Taiwan population study finds association between ADHD and adrenal gland dysfunction

Cortisol is a steroid hormone produced by the adrenal glands situated above the kidneys. Its release is boosted by low blood sugar, which it counteracts, and also in response to stress.

Previous studies on children with ADHD have pointed to lower basal cortisol concentrations in the morning and a significantly lower incidence of typical diurnal fluctuation in cortisol levels.

To better assess the comorbidity of ADHD and adrenal gland disorders, a Taiwan research team affiliated with Chang Gung University College of Medicine used the National Health Insurance database to conduct a nationwide population study. Taiwan has a single-payer national health insurance system that encompasses almost the entire population, and its extensive database facilitates such studies.

Looking at the thirteen years from 1999 through 2011, the team identified 75,247 youths (manage ten years) newly diagnosed with ADHD and matched them by age and sex to another 75, 247 youths not diagnosed with ADHD.

To guard against confounding variables, they also identified psychiatric conditions that are comorbid with ADHD, including oppositional defiant disorder, conduct disorder, autism spectrum disorder, tic disorder, and intellectual disability.

After adjusting for age, sex, and psychiatric comorbidities, youths with ADHD were still 2.4 times more likely to have adrenal gland abnormalities than their normally developing peers. To place this in context, adrenal gland dysfunctions are very uncommon, in this instance occurring in roughly one in a thousand controls, and two in a thousand youths with ADHD.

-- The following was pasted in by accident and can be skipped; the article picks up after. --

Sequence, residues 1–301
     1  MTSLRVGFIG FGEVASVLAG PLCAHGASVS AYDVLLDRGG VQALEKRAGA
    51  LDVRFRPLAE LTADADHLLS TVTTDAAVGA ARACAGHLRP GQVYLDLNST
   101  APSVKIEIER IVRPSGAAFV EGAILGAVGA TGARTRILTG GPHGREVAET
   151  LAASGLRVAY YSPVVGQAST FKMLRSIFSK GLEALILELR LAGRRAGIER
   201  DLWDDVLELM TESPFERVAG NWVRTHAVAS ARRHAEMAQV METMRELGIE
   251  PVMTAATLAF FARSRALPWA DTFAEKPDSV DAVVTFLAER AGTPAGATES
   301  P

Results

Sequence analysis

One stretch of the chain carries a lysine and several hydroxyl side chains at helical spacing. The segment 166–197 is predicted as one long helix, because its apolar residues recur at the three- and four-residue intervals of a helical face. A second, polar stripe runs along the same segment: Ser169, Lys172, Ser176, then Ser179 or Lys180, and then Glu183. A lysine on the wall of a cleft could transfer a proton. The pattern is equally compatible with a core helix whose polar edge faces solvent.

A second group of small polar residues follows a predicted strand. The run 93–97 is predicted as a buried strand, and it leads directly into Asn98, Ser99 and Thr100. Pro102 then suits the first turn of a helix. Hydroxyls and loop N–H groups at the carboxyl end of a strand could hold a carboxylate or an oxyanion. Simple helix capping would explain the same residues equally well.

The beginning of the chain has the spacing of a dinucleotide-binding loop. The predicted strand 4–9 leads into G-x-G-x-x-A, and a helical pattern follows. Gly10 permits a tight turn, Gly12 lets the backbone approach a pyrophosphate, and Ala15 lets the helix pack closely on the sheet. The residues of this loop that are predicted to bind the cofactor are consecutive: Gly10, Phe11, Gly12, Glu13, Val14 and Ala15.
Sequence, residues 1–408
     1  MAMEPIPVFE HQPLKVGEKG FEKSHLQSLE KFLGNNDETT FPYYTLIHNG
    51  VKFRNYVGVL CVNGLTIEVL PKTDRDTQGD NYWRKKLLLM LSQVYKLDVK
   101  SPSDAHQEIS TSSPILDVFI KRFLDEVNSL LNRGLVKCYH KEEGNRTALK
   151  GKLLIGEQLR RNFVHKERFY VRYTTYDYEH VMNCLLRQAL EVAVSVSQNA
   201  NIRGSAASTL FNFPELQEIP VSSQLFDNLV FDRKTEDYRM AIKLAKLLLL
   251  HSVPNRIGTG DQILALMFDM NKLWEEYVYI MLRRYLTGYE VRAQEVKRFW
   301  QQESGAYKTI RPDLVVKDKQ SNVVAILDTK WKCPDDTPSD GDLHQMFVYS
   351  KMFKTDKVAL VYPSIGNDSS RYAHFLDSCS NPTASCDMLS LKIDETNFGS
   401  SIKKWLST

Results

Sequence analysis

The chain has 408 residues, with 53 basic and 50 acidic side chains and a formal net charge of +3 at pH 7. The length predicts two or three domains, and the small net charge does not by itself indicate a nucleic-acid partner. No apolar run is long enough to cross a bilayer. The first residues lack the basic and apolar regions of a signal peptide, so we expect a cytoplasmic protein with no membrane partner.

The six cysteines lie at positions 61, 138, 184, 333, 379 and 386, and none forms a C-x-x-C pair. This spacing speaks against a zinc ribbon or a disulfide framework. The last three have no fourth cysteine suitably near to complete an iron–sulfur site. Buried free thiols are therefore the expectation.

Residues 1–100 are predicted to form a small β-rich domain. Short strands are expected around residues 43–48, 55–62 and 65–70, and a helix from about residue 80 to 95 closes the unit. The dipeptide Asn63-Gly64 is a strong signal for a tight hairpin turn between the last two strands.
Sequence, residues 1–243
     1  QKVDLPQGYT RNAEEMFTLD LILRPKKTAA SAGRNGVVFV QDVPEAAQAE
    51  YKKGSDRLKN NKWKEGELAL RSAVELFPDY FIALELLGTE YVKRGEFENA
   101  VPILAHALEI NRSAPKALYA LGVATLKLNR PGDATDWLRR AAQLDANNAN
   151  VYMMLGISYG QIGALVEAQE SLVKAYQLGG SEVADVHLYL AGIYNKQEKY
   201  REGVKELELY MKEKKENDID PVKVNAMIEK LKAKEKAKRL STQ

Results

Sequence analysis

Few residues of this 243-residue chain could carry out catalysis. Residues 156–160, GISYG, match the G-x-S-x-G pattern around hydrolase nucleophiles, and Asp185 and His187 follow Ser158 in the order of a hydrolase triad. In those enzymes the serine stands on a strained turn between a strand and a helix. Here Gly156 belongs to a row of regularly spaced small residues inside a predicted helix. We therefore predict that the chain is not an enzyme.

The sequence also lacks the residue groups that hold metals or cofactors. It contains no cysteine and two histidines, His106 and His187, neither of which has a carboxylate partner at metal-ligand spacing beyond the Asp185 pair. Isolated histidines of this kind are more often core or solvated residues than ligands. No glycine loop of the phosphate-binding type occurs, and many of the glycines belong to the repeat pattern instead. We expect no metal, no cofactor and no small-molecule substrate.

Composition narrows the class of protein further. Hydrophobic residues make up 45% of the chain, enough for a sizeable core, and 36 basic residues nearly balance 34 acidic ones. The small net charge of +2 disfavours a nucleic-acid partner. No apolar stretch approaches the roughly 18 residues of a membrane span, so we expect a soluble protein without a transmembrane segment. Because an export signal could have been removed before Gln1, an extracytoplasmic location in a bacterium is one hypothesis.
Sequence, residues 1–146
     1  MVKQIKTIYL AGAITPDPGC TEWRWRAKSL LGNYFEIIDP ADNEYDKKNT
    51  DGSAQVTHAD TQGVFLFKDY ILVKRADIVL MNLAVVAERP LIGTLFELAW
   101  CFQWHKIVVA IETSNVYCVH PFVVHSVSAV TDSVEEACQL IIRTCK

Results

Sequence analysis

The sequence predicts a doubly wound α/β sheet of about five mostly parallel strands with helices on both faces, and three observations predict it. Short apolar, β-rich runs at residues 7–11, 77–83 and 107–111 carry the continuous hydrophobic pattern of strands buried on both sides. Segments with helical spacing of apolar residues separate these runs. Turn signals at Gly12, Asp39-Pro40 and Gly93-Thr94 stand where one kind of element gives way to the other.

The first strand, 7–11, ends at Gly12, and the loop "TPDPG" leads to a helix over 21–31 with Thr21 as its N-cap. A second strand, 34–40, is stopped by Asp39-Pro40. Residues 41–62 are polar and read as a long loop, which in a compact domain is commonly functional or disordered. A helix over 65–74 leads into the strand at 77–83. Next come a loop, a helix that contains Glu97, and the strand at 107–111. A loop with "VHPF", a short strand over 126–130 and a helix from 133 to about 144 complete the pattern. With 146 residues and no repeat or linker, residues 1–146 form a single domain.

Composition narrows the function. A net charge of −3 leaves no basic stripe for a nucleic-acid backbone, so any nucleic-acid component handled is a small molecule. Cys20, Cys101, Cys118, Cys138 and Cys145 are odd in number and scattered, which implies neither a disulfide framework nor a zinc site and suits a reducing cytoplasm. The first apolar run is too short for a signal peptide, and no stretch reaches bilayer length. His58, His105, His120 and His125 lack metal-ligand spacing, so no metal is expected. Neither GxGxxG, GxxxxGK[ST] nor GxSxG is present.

The team also explored whether the two ADHD medications approved for use in Taiwan had any effect on the outcome. Methylphenidate, a stimulant, is the preferred treatment, with atomoxetine, a non-stimulant, used as an alternative where methylphenidate is inadvisable or found to be suboptimal. Neither methylphenidate nor atomoxetine had any significant effect on the risk of adrenal gland dysfunction.

The authors concluded, “Patients with ADHD had greater comorbid rates with adrenal gland dysfunction than the control subjects. Nevertheless, receiving pharmacotherapy (MPH or ATX) did not significantly influence the risk of developing adrenal gland dysfunction among ADHD patients. Therefore, continuous efforts are needed to promote public awareness of potential adrenal gland dysfunction among ADHD patients.”

Pin-Han Peng, Meng-Yun Tsai, Sheng-Yu Lee, Po-Cheng Liao, Yu-ChiauShyu, and Liang-Jen Wang, “Attention-Deficit/HyperactivityDisorder, Its Pharmacotherapy, and Adrenal Gland Dysfunction: A NationwidePopulation-Based Study in Taiwan,” International Journal of EnvironmentalResearch and Public Health(2020),17(10), 3709,https://doi.org/10.3390/ijerph17103709.

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